Oldest L Stop Vies for Landmark


By Lee Bay

Date of Publication: December 13, 2000
Source: Chicago Sun-Times


The CTA's oldest station--the Garfield Boulevard L stop, built to shuttle people to the 1893 World's Fair--could take a step toward city landmark status today.

The Commission on Chicago Landmarks will hear testimony on the station's architecture and history.

Built in 1892, the wood, stone and brick building, 319 E. Garfield, is one of the oldest commuter stations in the country and the oldest remaining L station. The structure is a remnant of the old Chicago and South Side Rapid Transit Co. line built for the World's Columbian Exposition.

The Garfield stop is still in use but will be phased out when a new handicapped-accessible "superstation" is completed on the north side of Garfield in the next year.

Landmark status would make it difficult for the CTA to demolish the old station.

"We want to make sure the building remains," said Deputy Planning Department Commissioner Jim Peters, who oversees landmarks. The CTA is looking to lease it or making it a second exit for the [new] station."

Though the interior has been altered and the outside has been painted and repainted, the 108-year-old station provides a glimpse of Victorian era rapid transit architecture.

Designed by Myron H. Church--whose creations include the Gunder House, now the North Lakeside Cultural Center, 6219 N. Sheridan--the station has an Arts & Crafts-influenced bow window at street level. The building has a pressed-metal cornice and an original, though now bricked-in, arched window. An ornamental steel overpass--with decorative riveting--spans Garfield Blvd. Fancy patterned brickwork sits beneath a drab CTA paint job.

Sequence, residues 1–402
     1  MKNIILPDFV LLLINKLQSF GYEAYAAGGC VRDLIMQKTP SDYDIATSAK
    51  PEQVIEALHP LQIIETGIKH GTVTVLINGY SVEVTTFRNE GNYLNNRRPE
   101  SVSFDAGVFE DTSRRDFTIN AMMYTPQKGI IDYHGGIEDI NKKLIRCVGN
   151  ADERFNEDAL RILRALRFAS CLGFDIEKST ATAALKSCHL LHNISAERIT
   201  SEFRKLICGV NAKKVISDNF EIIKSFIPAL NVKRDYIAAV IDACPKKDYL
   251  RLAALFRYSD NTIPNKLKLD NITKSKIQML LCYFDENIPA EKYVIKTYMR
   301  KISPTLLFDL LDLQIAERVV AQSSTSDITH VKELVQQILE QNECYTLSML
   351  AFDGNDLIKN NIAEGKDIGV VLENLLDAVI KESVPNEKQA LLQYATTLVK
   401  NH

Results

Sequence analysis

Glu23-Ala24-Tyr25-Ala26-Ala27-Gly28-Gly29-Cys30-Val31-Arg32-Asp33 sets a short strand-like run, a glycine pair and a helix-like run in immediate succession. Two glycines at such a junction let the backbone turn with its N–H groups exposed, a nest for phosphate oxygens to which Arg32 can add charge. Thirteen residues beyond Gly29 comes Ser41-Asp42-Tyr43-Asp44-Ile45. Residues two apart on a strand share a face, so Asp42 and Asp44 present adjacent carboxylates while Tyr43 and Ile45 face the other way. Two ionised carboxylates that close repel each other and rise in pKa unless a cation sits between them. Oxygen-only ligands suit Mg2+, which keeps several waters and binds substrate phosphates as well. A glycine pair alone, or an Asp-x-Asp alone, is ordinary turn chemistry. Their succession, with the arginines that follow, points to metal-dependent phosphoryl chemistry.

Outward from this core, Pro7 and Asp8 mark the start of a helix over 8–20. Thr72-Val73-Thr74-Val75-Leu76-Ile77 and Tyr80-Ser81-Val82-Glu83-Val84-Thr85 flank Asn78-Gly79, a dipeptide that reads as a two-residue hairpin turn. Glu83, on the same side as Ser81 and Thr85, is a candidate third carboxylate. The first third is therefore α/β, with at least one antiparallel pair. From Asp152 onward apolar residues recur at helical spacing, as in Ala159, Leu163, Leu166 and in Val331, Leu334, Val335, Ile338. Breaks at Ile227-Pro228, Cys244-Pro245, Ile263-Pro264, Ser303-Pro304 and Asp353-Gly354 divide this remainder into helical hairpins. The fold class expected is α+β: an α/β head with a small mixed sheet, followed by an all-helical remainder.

CTA spokeswoman Maria Toscano said the agency would retain the station for a "transit use" yet to be identified.

Landmark Commission approval would grant the structure preliminary landmark status, which would protect the station for a year until the City Council decides whether to grant the designation permanently.

If approved, the station's exterior and the overpass would be deemed landmarks, but the designation would not include the station platform and canopies.

Also on the architecture front, Mayor Daley is set to receive an award today from American Bungalow Magazine. Daley was singled out for the three-month-old Chicago Bungalow initiative.

A booklet of design guidelines for bungalow rehabs and restorations will be released today. Homeowners who adhere to the booklet's regulations would be eligible for tax breaks and other financial assistance under the initiative.

For more information, log on to www.chicagobungalow.org.